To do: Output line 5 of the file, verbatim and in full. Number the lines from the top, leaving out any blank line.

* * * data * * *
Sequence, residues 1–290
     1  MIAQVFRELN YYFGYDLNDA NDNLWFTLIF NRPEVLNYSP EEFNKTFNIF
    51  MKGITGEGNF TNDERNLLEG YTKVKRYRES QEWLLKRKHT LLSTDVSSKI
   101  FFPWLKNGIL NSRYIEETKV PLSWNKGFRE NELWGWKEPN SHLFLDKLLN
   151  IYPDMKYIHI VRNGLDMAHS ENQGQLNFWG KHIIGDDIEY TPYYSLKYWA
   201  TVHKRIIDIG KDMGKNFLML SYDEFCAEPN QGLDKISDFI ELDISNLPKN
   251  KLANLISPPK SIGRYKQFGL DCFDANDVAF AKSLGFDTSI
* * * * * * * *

   151  IYPDMKYIHI VRNGLDMAHS ENQGQLNFWG KHIIGDDIEY TPYYSLKYWA